Of course, I’m only half kidding here. The premise above actually sounds a lot like a game I would be excited to play! But it certainly isn’t going to convince Bogost to re-think his position, or convince his readers at The Atlantic that games are much more than puerile, instant gratification machines with a veneer of narrative around them that rarely arises to much more than the plot of a mid-tier YA novel.
But to base one’s criticism of Bogost’s piece on a charge of elitism or snobbery, while satisfying and maybe partly true, does not amount to a real refutation of his argument. Nor does it acknowledge what I believe to be the historical context in which that argument is being made.
I believe to understand where Bogost is coming from, whether you agree or disagree with him, you have to have an appreciation for the power of a phrase like ‘the holodeck’, which he employs in the opening sentence of his piece. The phrase has a particular resonance for people who have followed the debate about narrative in games for the last couple of decades. To someone who has studied the ancient conflagration that gave birth to Game Studies (capital S, capital G), which became known as the ‘Narratology vs Ludology Debate’ or ‘The Debate That Never Happened’, the idea of ‘the holodeck’ invokes a set of promises around the potential for storytelling with computers, in games but also in things like virtual reality and hypertext fiction.
It also invokes a woman who has shaped the conversation around stories in games and interactive media more than anyone else: Janet Murray.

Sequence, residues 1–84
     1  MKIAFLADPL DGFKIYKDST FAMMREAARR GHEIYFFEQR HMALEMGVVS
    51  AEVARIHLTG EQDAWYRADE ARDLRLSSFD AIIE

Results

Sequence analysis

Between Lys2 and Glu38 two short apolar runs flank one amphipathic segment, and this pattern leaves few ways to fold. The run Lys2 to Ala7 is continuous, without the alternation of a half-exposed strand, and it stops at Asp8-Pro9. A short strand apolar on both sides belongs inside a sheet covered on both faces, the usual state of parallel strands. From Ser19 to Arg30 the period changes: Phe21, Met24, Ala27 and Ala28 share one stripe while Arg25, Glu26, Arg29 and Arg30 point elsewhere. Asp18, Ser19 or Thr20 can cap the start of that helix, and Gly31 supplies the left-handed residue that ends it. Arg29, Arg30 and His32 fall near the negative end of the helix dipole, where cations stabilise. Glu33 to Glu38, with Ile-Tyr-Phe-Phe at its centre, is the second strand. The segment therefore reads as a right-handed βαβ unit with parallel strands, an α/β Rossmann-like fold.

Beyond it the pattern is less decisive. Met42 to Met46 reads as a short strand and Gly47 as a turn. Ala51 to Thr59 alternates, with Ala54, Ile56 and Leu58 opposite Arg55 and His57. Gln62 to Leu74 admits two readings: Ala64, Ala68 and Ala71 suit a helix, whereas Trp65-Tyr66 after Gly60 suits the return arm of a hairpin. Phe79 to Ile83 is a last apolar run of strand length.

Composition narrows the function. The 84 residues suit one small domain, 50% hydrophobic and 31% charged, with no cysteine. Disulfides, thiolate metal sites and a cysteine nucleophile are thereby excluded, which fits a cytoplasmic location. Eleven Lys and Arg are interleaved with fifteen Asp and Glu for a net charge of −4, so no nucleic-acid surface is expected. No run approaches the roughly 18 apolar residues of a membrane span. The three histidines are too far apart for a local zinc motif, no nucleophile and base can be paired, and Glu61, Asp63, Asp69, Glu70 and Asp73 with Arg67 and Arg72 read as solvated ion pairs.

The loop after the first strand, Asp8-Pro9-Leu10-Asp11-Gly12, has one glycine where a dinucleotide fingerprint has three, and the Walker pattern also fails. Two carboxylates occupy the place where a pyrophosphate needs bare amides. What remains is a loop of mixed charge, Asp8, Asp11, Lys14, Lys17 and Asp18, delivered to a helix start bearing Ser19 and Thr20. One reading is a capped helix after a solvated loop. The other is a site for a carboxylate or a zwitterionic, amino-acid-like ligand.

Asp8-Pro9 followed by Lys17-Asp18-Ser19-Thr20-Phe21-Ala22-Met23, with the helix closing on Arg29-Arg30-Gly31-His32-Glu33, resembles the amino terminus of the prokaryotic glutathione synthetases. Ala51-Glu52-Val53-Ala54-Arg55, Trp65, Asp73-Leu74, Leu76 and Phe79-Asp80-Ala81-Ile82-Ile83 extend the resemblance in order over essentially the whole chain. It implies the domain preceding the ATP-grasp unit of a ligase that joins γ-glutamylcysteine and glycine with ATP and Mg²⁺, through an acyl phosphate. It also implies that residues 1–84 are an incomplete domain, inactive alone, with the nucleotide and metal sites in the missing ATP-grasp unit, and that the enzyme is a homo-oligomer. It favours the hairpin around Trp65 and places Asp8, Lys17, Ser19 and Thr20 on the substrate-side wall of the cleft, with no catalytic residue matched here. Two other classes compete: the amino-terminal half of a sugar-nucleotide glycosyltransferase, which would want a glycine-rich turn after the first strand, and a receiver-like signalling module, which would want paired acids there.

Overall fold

Like many people who have had outsized impact on the discipline of Game Studies Janet Murray’s work has never been specifically centered on games. However, that has not stopped some of her pupils, such as my colleague Clara Fernandez-Vara, from becoming influential game scholars, or her book from 1997, Hamlet on the Holodeck, from becoming one of the most impactful on the course of game scholarship. Published just a few years after the release of games like DOOM and Myst Murray’s book sketches out possible futures for storytelling that leverage what she thought of has the three most important aesthetic capacities of the medium of the computer. First, through its ability to project detailed and encyclopedic 3D worlds the computer was well equipped to supply users with a sense of ‘immersion’. For Murray this term was meant the idea of being completely surrounded sensorially by a world, in contrast with the contemporary use which often just means something very compelling. The second unique aesthetic of the medium of the computer is agency, and her words on this subject are worth quoting directly:
…the pleasure of agency in electronic environments is often confused with the mere ability to move a joystick or click on a mouse. But activity alone is not agency.
She continues in the next paragraph:
Agency, then, goes beyond both participation and activity. As an aesthetic pleasure, as an experience to be savored for its own sake, is it offered to a limited degree in traditional art forms but is more commonly available in the structured activities we call games. Therefore, when we move narrative to the computer, we move it to a realm already shaped by the structures of games. Can we imagine a compelling narrative literature that builds on these game structures with out being diminished by them? [emphasis is mine]